Firstly, I want to be sure that if someone scans my networks and he finds some IPMI cards, he won't be able to get control of it.
The BMCs on Supermicro systems have had some particularly nasty bugs within the last year. Make sure your systems are running the latest firmware, which addresses most of the bugs like the 'anonymous user' bug and the Infamous cipher zero bug. Note that these firmwares are only available for recent motherboards (The X8, X9 and X10 generations; usually not for the X7 generation which was being shipped 3-4 years ago), so your hardware will need to be modern hardware.
Even with the updates, Supermicro's IPMI is still subject to bugs. Passwords are transmitted over the network in the clear, etc. In my world, IPMI must absolutely be on a private network and available only from a few special management nodes.
I know it's a good practice to use IPMI only in local networks without public, however clients won't be happy about using VPN to access IPMI much.
IPMI is a great management tool for system administrators. By it's nature, this means that its also a nice backdoor for hackers. If I gain access to the IPMI network, I can do interesting things like power off all 200 machines within a few minutes, or tell every single node to PXEboot upon next boot (and potentially overwrite whatever is on the disks at the time). If you can explain this nicely to your customers, they might see the wisdom of a VPN.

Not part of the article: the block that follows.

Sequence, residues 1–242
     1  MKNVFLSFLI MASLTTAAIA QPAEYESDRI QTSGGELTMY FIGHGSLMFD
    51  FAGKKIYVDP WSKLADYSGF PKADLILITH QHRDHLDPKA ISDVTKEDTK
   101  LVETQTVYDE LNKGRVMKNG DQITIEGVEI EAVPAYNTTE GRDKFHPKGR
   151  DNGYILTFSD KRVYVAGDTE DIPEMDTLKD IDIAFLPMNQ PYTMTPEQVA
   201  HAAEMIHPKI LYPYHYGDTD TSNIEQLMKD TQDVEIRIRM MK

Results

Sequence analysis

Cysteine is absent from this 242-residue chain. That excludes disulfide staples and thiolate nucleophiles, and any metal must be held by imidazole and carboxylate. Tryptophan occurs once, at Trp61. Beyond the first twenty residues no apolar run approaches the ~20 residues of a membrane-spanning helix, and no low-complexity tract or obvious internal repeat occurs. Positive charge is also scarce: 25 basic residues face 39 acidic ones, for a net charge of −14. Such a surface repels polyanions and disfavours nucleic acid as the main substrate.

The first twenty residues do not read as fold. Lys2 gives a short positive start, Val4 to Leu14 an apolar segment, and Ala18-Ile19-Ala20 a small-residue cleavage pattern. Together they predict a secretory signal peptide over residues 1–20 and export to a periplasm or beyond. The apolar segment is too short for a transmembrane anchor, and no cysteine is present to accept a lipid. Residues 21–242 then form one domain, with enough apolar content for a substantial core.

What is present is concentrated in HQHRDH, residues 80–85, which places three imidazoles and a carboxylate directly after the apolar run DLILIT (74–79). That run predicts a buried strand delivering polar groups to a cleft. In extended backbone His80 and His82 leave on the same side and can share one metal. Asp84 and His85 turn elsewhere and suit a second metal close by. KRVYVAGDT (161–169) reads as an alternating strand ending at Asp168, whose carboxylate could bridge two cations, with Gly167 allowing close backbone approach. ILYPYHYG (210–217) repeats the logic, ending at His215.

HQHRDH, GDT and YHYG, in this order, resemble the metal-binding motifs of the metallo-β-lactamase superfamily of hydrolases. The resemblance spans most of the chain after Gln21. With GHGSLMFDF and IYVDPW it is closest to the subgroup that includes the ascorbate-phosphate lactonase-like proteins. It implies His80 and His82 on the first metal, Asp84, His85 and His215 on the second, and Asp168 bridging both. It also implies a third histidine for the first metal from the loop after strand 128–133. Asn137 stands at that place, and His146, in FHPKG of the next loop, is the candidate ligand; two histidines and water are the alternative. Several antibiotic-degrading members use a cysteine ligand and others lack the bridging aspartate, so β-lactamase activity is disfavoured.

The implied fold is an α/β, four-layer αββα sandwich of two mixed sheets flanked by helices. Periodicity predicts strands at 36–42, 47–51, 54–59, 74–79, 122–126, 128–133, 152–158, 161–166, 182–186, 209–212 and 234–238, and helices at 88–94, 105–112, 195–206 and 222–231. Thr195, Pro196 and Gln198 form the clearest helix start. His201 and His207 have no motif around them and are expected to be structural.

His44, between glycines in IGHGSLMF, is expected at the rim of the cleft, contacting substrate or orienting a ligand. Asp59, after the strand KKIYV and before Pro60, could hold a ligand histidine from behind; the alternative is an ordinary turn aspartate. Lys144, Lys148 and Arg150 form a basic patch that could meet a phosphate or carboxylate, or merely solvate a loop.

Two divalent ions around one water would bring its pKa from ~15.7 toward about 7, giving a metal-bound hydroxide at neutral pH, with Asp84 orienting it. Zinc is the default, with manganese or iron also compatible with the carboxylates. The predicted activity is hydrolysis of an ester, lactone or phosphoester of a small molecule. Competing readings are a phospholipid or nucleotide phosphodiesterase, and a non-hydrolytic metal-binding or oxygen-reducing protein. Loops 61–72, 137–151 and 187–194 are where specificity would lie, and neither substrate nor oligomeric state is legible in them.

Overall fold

Secondly, you can use ipmitool command to manage IPMI configuration without user authentication. I'd like to prevent customers of changing IPMI setting - e.g. IP address, removing my monitoring users, ...
Make sure that
ipmitool, FreeIPMI, etc. are not installed by default on the system. In your customer documentation, add a warning that installing these tools on the OS is a potential security problem and if they install these tools they assume some of the risk.